From market chaos to ministerial exits, UK leader Truss’s time in office
Liz Truss has been in office for just 45 days – the shortest tenure of any UK prime minister.
Prime Minister Liz Truss delivers her resignation speech at Downing Street on October 20, 2022 in London, England. (Photo by Rob Pinney/Getty Images)
British Prime Minister Liz Truss is fighting for her political survival after only six weeks in the job.
Below is a timeline:
SEPT. 5 – TRUSS WINS LEADERSHIP CONTEST
Truss is elected Conservative Party leader by the party’s membership, winning 57% of the vote to succeed Boris Johnson.
SEPT. 6 – TRUSS OFFICIALLY BECOMES PM
Johnson formally tenders his resignation to Queen Elizabeth and Truss is appointed prime minister.
SEPT. 8 – TRUSS ANNOUNCES ENERGY SUPPORT PACKAGE
Truss announces the government will cap soaring consumer energy bills for two years to cushion the economic shock of war in Ukraine, a plan expected to cost the country tens of billions of pounds.
SEPT. 8 – QUEEN ELIZABETH DIES
The British monarch dies at 96. Ten days of national mourning begin, effectively putting politics on hold.
SEPT. 19 – QUEEN’S FUNERAL
Truss makes her first appearance on the international stage as prime minister by giving a Bible reading at the funeral.
SEPT. 20-21 – TRUSS TRAVELS TO UN
Truss travels to the United Nations General Assembly in New York, her first foreign trip as prime minister, and has her first in person meeting with U.S. President Joe Biden.
SEPT. 23 – MINI-BUDGET
Truss’s finance minister Kwasi Kwarteng sets out a “mini-budget” which includes 45 billion pounds ($50 billion) of unfunded tax cuts and huge increases in government borrowing, sending sterling and British government bonds into freefall.
He is criticised for failing to publish growth and borrowing forecasts from the Office for Budget Responsibility (OBR) government watchdog alongside the budget.
SEPT. 26 – BANK OF ENGLAND CONCERNED
The central bank says it will not hesitate to change interest rates and is monitoring markets “very closely”, after the pound plunged to a record low and British bond prices collapsed in response to the new government’s financial plans.
SEPT. 28 – BANK OF ENGLAND STEPS IN
The Bank of England seeks to quell the firestorm in Britain’s bond markets, saying it will buy as much government debt as needed to restore order.
SEPT. 29 – TRUSS STICKS TO HER PLAN
Truss breaks her silence after nearly a week of market chaos to say she is prepared to make controversial and difficult decisions to get the economy growing.
OCT. 3 – U-TURN ON TOP RATE OF TAX
Truss and Kwarteng are forced to reverse a planned cut to the highest rate of income tax after turmoil in markets and opposition from many of their own Conservative lawmakers.
OCT. 6 – TRUSS ATTENDS MEETING OF NEW EUROPEAN CLUB
Truss attends the inaugural meeting of the European Political Community in Prague, with some hoping her decision to attend was the sign of a reset in relations between Brussels and London.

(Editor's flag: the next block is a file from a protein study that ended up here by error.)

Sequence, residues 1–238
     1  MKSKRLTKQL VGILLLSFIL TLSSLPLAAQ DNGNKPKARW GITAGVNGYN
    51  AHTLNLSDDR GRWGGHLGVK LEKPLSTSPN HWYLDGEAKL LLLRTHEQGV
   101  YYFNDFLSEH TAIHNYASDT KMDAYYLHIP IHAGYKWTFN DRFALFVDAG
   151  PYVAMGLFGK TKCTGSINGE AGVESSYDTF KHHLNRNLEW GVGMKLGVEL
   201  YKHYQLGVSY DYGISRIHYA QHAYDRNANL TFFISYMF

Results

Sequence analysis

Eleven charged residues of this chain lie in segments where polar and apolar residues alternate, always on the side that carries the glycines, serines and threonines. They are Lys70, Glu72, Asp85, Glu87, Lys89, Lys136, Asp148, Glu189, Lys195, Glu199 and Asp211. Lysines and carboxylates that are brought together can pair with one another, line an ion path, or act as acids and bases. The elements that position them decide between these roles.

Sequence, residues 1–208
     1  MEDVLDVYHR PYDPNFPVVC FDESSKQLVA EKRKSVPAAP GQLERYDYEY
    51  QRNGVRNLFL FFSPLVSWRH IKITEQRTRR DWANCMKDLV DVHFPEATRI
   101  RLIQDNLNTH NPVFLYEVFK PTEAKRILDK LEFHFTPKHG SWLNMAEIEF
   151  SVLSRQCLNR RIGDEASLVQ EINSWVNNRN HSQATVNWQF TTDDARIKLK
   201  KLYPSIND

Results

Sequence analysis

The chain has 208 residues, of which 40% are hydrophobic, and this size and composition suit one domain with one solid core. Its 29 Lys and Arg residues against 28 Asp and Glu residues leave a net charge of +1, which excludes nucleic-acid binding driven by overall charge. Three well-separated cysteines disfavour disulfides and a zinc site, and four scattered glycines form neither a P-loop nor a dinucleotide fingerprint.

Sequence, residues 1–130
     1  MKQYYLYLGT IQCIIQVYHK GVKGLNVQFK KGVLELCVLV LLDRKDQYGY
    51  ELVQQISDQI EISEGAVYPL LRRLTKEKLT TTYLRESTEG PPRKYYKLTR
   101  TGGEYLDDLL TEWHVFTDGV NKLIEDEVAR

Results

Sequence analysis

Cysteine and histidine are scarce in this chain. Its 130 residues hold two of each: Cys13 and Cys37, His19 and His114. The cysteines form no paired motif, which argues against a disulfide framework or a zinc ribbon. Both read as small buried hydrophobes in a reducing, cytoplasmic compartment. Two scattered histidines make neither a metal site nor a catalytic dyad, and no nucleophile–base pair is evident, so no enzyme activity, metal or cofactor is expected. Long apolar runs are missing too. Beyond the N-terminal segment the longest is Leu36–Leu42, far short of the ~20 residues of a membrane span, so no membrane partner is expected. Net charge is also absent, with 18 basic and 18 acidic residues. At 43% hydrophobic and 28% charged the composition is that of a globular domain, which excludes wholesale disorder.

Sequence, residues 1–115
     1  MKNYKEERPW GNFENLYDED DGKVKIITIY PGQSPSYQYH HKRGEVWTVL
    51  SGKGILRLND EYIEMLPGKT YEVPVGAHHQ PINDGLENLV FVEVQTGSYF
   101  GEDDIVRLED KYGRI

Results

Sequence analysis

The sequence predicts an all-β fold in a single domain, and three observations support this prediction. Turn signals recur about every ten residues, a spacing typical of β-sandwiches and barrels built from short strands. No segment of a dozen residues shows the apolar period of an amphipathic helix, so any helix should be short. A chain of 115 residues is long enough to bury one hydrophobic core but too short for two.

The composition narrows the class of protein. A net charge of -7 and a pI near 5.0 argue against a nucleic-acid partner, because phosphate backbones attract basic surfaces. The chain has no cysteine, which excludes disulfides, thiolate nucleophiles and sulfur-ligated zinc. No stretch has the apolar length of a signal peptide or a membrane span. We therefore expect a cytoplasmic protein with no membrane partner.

OCT. 10 – KWARTENG BRINGS FORWARD BUDGET DATE
Under pressure to rebuild shattered investor confidence, Kwarteng brings forward the publication date for fiscal plans and economic forecasts to Oct. 31, from Nov. 23.
OCT. 11 – BANK OF ENGLAND ACTS AGAIN
The Bank of England expands its programme of daily bond purchases to include inflation-linked debt, citing a “material risk” to British financial stability and “the prospect of self-reinforcing ‘fire sale’ dynamics”.
OCT. 12 – NO PLANS TO REVERSE TAX CUTS
The government says it will not reverse its vast tax cuts or reduce public spending despite ongoing market turmoil. British government borrowing costs hit a 20-year high.
OCT. 14 – TRUSS SACKS KWARTENG, U-TURNS ON CORPORATION TAX
Truss fires Kwarteng and acknowledges her government’s plans had gone “further and faster” than investors were expecting. She appoints Jeremy Hunt as his replacement.
She also announces corporation tax will rise to 25%, reversing an earlier plan to freeze it at 19%, and says public spending will have to grow less rapidly than previously planned.
OCT. 17 – NEW FINANCE MINISTER HUNT REVERSES MOST OF BUDGET
Hunt reverses nearly all of the mini-budget and reins in the vast energy subsidy plan, saying the country needs to rebuild investor confidence. He says changes to planned tax cuts will raise 32 billion pounds and government spending cuts will also be needed.
OCT. 19 – INTERIOR MINISTER RESIGNS, CHAOTIC PARLIAMENT VOTE
Home secretary Suella Braverman resigns after breaking rules by sending an official document from her personal email. She also says she has serious concerns about the government and that just hoping problems would go away is not a viable approach.
Hours later, Conservative lawmakers openly row amid confusion over whether a vote on fracking is a confidence vote in the government. The government wins the vote but more than 30 Conservatives do not take part and Truss’s office says those without a reasonable excuse can expect disciplinary action.